In an effort to combat the tragedy of college student suicide, in 2007 a group of Student Services managers collaborated on a proposal for a Substance Abuse and Mental Health Services Association grant from the U.S. Department of Health and Human Services. Thanks to their efforts, CSULB was one of 14 universities nationwide to be awarded a three-year Garrett Lee Smith Campus Suicide Prevention Grant. In September 2008, Project OCEAN (On Campus Emergency Assistance Network) was born.
Knowing that the best way to combat the problem of suicide is to be proactive and teach the skills needed to keep students from ever getting to the point of feeling so hopeless that suicide is the only option, Project OCEAN strives to promote a campus climate that reduces the stigma of mental health issues and encourages students to seek help when needed. Statistics which highlight the need for this work include startling numbers: suicide is the second leading cause of death among college students; nearly 1,100 suicides are projected to occur on college campuses in 2010; and 18-24 year-olds think about suicide more often than any other age group. While the goal of reducing suicide at first might seem somewhat narrow, Project OCEAN’s approach to this issue is quite broad in scope. The aim is to encourage a climate of acceptance, hope and caring within the CSULB campus community.
Activities of Project OCEAN are designed to strengthen and fill gaps in existing campus services to expand the safety net for all students, and particularly for students vulnerable to suicidal ideation. Project OCEAN promotes access to these services by training faculty, staff and students in appropriate referral strategies. Using the three-step QPR training model—question, persuade and refer—anyone can learn to help save a life from suicide. Just as CPR and Heimlich maneuver training save thousands of lives each year, people trained in QPR learn to recognize the warning signs of a suicide crisis and how to question, persuade and refer someone to help. This training is available to CSULB students, faculty and staff groups and aims to expedite referrals to helping services and to create the expectation that help-seeking behavior is encouraged when it is needed.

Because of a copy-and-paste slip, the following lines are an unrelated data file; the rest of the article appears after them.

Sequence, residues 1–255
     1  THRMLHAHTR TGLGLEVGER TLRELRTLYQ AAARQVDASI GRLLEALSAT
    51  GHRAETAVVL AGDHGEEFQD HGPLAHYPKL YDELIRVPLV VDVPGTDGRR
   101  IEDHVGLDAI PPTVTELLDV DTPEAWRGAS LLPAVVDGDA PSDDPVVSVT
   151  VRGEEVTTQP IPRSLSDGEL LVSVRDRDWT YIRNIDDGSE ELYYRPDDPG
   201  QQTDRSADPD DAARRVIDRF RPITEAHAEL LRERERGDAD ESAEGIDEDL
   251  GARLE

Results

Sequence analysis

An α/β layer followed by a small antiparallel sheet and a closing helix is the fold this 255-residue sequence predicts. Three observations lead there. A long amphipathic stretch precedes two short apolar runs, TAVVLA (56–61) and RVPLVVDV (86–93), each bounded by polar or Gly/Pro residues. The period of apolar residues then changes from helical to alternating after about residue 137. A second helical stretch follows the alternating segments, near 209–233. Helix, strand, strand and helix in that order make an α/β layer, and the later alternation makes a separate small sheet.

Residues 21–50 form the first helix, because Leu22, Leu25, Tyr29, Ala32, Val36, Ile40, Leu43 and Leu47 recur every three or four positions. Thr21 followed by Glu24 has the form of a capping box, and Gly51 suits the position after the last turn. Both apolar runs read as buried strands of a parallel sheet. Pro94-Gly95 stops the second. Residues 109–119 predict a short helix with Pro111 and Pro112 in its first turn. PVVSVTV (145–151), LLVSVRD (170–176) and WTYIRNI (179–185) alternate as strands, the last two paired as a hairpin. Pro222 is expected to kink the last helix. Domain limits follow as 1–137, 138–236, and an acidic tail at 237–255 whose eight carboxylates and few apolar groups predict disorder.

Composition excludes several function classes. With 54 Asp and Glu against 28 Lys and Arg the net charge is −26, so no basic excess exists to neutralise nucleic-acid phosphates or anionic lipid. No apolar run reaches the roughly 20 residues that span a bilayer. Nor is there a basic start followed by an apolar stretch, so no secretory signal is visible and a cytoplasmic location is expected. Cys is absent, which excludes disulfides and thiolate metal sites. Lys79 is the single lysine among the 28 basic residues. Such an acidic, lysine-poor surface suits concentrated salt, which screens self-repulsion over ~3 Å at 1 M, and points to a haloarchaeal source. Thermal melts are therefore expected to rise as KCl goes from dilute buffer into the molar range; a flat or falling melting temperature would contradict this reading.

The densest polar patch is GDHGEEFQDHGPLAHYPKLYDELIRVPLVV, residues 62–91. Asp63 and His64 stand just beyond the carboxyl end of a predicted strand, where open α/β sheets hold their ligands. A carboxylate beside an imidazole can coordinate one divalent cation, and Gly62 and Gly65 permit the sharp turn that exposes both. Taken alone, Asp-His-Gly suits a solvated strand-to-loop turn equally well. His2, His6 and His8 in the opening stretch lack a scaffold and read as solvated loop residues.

Other Project OCEAN activities are directed toward promoting awareness and wellness, and reducing stigma around mental health issues. With support from several other university areas, Project OCEAN hosted a “Live Your Life” wellness fair in April that focused on healthy living.The fair set out to reduce stigma around all areas of difference that students may experience, including mental health issues,learning disabilities and physical disabilities. The fair presented information on exercise, relaxation, fun and nutrition, along with recreation demonstrations and a drumming circle. The event ended with an inspirational presentation by Jesse Billauer, a former surfer who became paralyzed following a surfing accident at age 17. Billauer went on to establish Life Rolls On, a surfing foundation that works to motivate individuals tolive life with passion regardless of obstacles.
As Project OCEAN enters its third year, the advisory committee, along with Principal Investigator David Sanfilippo, Disabled Student Services, and Project Director Brad Compliment, CAPS, remains committed to implementing programs and developing policies that will promote mental well-being and prevent suicide from occurring within the CSULB campus community.
To find out more about Project OCEAN or to request services, go to www.csulb.edu/ocean or call (562) 985-4001.